After Georgia’s first spring scrimmage, Kirby Smart was talking up how the Bulldogs’ wide receivers were playing more physical than they have at any time since he became head coach.
He made sure to include Terry Godwin, who Smart saw lacking in that regard last season.
“Even Terry, we had a bubble screen where he went out there and blocked and was physical,” Smart said.
Godwin had a relatively quiet sophomore season after big things were expected following a freshman year when he had 35 catches for 379 yards and two touchdowns and was named TaxSlayer Bowl MVP.
He went without a touchdown catch in 2016 and his yards per catch fell from 10.8 to 10.4 during a season in which he had 38 catches for 397 yards.
“As a receiver, everyone wants to be the go-to guy,” Godwin said. “You have to fill in that role that coaches want you to play and that the playbook is going to allow you to play in. I just want to fill in that role, be what the coaches want me to be.”
Smart sounds generally thrilled with the progress Godwin has made.
“Terry Godwin, he’s like night and day to me when you watch that kid,” Smart said. “I was very honest last year about Terry playing tougher and playing bigger. The guy is blocking hard, he’s competing, he’s taking more reps. He’s such a better leader. To see him grow up, it means the world to me because I’ve seen that kid since the ninth grade year.”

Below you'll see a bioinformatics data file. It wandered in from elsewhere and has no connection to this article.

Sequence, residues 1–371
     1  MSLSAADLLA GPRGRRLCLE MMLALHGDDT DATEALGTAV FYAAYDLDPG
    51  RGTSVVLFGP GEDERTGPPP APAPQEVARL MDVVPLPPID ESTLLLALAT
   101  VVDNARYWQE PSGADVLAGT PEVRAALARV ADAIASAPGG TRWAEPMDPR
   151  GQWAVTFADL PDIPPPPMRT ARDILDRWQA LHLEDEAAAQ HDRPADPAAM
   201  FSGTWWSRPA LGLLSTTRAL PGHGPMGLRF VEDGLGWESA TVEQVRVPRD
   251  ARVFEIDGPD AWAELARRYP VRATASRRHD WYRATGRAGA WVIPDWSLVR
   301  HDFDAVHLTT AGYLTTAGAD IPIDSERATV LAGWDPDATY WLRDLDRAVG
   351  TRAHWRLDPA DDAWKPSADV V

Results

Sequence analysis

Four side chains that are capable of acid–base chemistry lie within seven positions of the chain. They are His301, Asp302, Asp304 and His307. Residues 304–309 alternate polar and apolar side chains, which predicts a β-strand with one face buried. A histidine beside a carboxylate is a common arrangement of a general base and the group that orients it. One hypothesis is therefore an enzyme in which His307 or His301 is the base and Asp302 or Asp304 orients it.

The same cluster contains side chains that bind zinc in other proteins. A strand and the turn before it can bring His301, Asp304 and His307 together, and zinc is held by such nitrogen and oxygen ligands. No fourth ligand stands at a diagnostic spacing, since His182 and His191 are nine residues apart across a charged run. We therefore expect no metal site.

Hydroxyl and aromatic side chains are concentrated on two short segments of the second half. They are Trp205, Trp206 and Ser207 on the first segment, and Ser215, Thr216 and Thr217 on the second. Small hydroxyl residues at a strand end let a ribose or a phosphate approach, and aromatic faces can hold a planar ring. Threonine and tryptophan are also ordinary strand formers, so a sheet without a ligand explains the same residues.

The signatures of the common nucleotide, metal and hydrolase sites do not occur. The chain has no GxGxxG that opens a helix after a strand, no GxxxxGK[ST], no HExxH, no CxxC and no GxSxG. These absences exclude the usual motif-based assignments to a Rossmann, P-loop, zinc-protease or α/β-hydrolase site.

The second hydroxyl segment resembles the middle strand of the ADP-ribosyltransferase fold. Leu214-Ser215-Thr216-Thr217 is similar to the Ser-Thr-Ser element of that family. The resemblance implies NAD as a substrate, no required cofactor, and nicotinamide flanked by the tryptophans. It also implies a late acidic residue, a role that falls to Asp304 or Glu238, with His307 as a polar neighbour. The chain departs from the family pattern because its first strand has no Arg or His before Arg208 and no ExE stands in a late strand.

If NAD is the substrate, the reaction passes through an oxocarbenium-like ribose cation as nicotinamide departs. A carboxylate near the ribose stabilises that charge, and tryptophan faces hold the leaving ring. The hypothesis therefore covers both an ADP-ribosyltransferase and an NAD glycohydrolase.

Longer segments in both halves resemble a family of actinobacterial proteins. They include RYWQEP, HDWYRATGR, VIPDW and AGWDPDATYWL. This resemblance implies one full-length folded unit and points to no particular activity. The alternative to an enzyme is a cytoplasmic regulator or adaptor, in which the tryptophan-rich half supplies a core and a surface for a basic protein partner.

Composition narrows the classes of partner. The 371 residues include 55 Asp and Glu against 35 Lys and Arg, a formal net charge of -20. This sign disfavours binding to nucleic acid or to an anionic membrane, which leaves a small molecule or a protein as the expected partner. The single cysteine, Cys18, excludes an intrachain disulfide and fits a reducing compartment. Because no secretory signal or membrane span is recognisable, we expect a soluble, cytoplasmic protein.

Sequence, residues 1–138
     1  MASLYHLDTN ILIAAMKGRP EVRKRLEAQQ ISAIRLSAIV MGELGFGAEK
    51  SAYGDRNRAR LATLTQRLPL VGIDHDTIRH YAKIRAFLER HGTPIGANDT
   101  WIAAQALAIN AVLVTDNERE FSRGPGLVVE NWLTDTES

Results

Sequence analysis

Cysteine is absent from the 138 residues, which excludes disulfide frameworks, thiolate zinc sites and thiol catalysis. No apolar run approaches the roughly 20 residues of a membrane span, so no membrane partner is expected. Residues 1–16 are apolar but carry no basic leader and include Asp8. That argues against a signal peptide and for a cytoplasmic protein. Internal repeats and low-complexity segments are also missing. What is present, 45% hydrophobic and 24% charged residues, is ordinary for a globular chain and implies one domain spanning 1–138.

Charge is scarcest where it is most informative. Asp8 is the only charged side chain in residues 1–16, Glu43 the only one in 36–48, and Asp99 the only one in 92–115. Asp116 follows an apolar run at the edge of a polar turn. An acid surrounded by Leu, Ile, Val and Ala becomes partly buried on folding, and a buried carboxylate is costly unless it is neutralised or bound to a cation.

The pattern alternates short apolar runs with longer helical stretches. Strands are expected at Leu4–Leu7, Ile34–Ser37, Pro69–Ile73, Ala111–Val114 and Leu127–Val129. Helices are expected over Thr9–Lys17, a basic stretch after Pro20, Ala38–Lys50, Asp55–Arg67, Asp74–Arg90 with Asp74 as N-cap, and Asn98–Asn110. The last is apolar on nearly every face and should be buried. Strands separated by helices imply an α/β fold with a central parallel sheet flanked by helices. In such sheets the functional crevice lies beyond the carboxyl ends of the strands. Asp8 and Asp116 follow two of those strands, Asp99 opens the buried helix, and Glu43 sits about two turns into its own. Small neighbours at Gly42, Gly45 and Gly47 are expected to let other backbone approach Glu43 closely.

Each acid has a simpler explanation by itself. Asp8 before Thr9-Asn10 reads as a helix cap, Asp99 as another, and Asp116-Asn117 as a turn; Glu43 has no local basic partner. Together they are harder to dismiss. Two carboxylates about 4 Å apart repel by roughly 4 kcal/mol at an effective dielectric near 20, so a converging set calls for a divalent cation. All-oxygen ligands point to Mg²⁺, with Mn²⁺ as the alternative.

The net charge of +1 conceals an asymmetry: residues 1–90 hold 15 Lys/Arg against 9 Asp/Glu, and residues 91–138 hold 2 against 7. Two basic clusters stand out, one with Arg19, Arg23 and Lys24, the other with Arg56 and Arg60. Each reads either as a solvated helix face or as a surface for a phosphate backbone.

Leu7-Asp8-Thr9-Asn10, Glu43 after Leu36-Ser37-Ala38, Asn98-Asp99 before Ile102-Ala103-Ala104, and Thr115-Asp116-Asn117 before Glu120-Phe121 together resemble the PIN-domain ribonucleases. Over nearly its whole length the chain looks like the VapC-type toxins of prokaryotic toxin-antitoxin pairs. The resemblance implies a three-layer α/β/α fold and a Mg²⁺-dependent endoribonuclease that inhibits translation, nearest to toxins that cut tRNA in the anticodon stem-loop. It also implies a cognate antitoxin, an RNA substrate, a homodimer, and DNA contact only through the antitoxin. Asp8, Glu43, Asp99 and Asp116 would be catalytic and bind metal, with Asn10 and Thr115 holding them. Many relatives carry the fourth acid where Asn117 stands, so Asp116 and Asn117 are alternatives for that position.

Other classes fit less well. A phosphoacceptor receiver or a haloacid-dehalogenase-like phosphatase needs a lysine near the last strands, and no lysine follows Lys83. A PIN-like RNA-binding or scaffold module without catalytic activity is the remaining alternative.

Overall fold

Godwin was second in receiving last season for Georgia for the second straight year and will be among those looked at it to fill the void now at slot receiver. That’s where Isaiah McKenzie played last season when he led Georgia in receptions with 44 for 633 yards and seven touchdowns.
“There’s a lot of production in that position,” Smart said.
Georgia is looking to several for production there including running backs Sony Michel and Brian Herrien, and Godwin who has lined up as the No. 1 slot receiver in practice.
“He’s a vital piece of that slot,” Smart said. “He and Jacob (Eason) got great intuitive instincts, they have great intuition of where each other is going to be.”
Eason and Godwin have had more of a chance to make that connection smoother with a second offseason together.
“We’re just getting to know each other and it’s coming along really good,” Godwin said.
Godwin says he’s working on finding the holes in the defense better “and know when to sit down and when to keep going,” as a route runner.
Godwin’s biggest play last season may have come on special teams when he scooped up an onside kickoff and returned it 43 yards for a touchdown in a win at South Carolina, but with McKenzie’s college career over, he figures to have a bigger role in the passing game than he did in 2016.
“I really wouldn’t say anything really kind of held me back or anything like that,” Godwin said. “I’m just here to do what the coaches tell me to and help the team out.”